2009-04-28 Holland Sentinel Kids take a stroll through Archie Bunker’s neighborhood at diversity event


Kids take a stroll through Archie Bunker’s neighborhood at diversity event
BY STEPHEN KLOOSTERMAN
Holland Sentinel


Ottawa County, MI —


Building a community takes more than bricks and mortar.

That’s what kids from area middle schools learned Tuesday at the Calling All Colors conference sponsored by the Lakeshore Ethnic Diversity Alliance.

Kids participated in discussions and games at the conference at Grand Valley State University Tuesday.


Student groups from Cityside Middle School, Creekside Middle School, Holland Christian North Shore Middle School, Holland Christian South Shore Middle School, Vanderbilt Charter Academy and West Ottawa middle schools participated in the event.

One game, called “Archie Bunker’s Neighborhood,” had students trying to build a model neighborhood. The game was intended to teach that barriers separating races don’t lead to good communities.

The kids were randomly assigned to different ethnic groups, which had different parts of the neighborhood to develop. Before the kids could erect tiny buildings built out of note cards and masking tape, they had to secure building permits from volunteers, who role played as racist and corrupt government officials.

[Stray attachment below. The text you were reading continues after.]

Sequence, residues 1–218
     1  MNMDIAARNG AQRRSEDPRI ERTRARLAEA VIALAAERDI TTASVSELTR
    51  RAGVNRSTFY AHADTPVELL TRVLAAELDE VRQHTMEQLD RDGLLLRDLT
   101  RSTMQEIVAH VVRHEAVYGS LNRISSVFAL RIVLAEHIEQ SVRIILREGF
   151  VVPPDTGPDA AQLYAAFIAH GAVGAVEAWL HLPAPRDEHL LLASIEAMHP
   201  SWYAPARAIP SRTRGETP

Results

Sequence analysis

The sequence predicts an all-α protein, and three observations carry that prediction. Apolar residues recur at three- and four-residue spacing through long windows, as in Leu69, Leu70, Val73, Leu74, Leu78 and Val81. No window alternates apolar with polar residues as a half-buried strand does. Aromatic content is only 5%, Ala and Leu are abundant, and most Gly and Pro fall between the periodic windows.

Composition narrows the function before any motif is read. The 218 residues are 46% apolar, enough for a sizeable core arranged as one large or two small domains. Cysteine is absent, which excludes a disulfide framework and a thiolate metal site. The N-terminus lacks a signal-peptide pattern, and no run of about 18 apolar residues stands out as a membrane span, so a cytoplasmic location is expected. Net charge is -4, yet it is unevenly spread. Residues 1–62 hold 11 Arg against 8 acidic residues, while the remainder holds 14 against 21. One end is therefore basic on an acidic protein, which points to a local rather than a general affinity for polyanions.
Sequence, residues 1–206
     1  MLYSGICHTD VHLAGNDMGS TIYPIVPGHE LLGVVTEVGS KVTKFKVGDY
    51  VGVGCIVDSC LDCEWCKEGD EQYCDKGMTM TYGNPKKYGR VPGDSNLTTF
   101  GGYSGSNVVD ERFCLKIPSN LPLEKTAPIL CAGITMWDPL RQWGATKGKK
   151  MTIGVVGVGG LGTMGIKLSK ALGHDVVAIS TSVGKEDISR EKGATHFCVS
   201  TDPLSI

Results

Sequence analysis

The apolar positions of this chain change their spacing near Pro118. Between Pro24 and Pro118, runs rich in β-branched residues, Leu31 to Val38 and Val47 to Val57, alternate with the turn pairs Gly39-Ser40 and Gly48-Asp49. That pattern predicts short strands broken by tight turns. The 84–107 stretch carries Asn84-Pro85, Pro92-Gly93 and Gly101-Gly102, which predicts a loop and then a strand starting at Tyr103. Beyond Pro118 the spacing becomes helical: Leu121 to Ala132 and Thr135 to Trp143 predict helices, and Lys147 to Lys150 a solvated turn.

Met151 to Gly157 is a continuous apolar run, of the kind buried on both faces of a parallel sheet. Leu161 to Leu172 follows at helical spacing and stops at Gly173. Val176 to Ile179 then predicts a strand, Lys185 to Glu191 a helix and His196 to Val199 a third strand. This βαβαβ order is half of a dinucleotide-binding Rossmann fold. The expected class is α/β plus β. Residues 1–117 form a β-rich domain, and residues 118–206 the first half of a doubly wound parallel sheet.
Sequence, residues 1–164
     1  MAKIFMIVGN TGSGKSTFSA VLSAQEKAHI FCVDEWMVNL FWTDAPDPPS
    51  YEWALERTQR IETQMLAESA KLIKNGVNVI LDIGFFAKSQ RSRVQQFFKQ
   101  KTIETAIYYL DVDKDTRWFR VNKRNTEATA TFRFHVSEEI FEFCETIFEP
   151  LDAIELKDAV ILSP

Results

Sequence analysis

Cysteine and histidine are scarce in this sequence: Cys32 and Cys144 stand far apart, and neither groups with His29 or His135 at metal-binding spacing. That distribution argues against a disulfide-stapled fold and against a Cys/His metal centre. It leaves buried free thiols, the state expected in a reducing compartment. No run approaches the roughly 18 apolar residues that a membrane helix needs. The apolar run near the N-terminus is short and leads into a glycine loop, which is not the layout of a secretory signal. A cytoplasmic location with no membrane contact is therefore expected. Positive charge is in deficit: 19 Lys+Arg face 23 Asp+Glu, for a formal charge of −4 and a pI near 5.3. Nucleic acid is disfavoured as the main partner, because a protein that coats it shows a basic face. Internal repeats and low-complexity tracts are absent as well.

Kids assigned to minority races also got a smaller space to build on.

“It’ll be a little better if we had a little more room,” said Mitchell Suarez, an eighth-grader at Holland’s West Middle School who was assigned to the neighborhood’s Asian-American ghetto.

“The people in the white communities instantly recognized the amount of the power they had,” said volunteer Tedd Parsons.

“We got very good deals on our buildings, and got moved to the front of the line,” said Daniel Ballesteros, an eighth-grader at Vanderbilt Charter Academy who had been assigned to the white group.

The exercise concluded with a discussion about what had taken place, and how students could have built a better neighborhood.

High school and middle school groups from Calling All Colors meet twice a year. At spring meetings, students share various activities they’ve done to promote diversity awareness at their schools.
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